CHAPTER 5 • VASCULAR FUNCTION
101
Resistance is directly proportional to vessel
length. Therefore, a vessel that is twice as
long as another vessel with the same radius
will have twice the resistance to flow. In
the body, individual vessel lengths do not
change appreciably; therefore, changes in
vessel length have only a minimal effect on
resistance.
Resistance to flow is directly related to the
viscosity of the blood. Viscosity is related to
friction generated by interactions between
fluid molecules in the plasma and suspended
formed substances (e.g., red blood cells) as
the blood is flowing. Viscosity also takes into
account the friction generated between the
blood and the lining of the vessel. Therefore,
viscosity can be thought of as a force that
opposes blood flow. If viscosity increases two-
fold, the resistance to flow increases twofold,
thereby decreasing flow by one-half at con-
stant AP. At normal body temperatures, the
viscosity of plasma is about 1.8 times the vis-
cosity of water. The viscosity of whole blood
is about three to four times the viscosity of
water owing to the presence of red cells and
proteins. Blood viscosity normally does not
change much; however, it can be significantly
altered by changes in hematocrit and tem-
perature and by low flow states. Hematocrit
is the volume of red blood cells expressed
as a percentage of a given volume of whole
blood. If hematocrit increases from a normal
value of 40% to an elevated value of 60% (this
is termed polycythemia), the blood viscos-
ity approximately doubles. Decreasing blood
temperature
increases
viscosity
by
about
2% per degree centigrade. The flow rate of
blood also affects viscosity. At very low flow
states
in
the
microcirculation— as
occurs
during
circulatory
shock—the
blood
vis-
cosity can increase severalfold. This occurs
because at low flow states, cell-to-cell and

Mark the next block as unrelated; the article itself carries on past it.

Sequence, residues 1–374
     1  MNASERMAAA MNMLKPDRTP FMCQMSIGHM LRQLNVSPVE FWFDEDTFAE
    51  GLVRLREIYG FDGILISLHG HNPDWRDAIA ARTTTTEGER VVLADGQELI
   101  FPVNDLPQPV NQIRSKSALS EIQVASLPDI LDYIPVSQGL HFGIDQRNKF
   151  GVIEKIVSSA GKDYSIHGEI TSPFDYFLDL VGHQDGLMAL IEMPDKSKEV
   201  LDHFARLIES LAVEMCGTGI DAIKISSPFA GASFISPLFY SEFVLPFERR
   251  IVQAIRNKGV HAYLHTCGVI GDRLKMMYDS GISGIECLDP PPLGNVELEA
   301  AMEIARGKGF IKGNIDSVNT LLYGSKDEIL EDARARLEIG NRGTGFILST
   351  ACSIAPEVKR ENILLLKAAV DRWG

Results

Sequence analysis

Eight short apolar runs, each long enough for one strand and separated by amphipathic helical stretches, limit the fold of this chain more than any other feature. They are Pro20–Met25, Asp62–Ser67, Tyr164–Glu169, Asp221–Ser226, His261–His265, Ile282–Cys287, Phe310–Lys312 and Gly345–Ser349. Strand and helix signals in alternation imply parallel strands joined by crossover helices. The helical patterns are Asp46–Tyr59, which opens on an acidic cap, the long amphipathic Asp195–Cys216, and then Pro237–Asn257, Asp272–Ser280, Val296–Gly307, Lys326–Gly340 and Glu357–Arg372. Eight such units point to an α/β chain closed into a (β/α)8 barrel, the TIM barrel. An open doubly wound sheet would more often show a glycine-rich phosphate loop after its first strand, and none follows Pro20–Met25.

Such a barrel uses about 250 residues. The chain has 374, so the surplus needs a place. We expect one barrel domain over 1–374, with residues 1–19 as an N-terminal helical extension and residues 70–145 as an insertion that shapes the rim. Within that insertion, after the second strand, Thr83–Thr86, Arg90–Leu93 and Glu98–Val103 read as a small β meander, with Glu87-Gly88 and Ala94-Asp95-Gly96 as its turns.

protein-to-cell adhesive interactions increase,
which can cause erythrocytes to adhere to one
another and increase the blood viscosity.
Of the
three
independent variables
in
Equation
5-6,
vessel
radius
is
the
most
important
quantitatively
for
determining
resistance to flow. Because radius and resist-
ance are inversely related, an increase in
radius reduces resistance.
Furthermore,
a
change in radius alters resistance inversely to
the fourth power of the radius.
For example, a
twofold increase in radius decreases resistance
16-fold! Therefore, vessel resistance is exqui-
sitely sensitive to changes in radius. Because
changes in radius and diameter are directly
proportional, diameter can be substituted for
radius in Equation 5-6.
If the expression for resistance (Equation
5-6) is combined with the equation describ-
ing the relationship between flow, pressure,
and resistance (F = AP/R; Equation 5-5), the
following relationship is obtained:
Eq. 5-7
A
P
r4
n
L
This
relationship
(Poiseuille’s
equation)
was first described by the French physician
Poiseuille (1846). The full equation contains n
in the numerator, and the number 8 in the
denominator
(a
constant
of
integration).
Equation 5-7 describes how flow is related to
perfusion pressure, radius, length, and viscos-
ity. In the body, however, flow does not con-
form precisely to this relationship because the
equation assumes the following: (1) the vessels
are long, straight, rigid tubes; (2) the blood
behaves as a Newtonian fluid in which viscos-
ity is constant and independent of flow; and
(3) the blood is flowing under steady laminar
flow (nonturbulent) conditions. Despite these
assumptions, which clearly are not always
achieved in vivo, the relationship is important
because it describes the dominant influence
of vessel radius on resistance and flow, and
therefore provides a conceptual framework to
understand how physiologic and pathologic
changes in blood vessels and blood viscosity
affect pressure and flow.
The relationship between flow and radius
(Equation 5-7) for a single vessel is shown
graphically in Figure 5.7. In this analysis,
laminar flow conditions are assumed, and
driving pressure, viscosity, and vessel length
are held constant. As vessel radius decreases
from a relative value of 1.0, a dramatic fall in
flow occurs because flow is directly related
to radius to the fourth power. For example,
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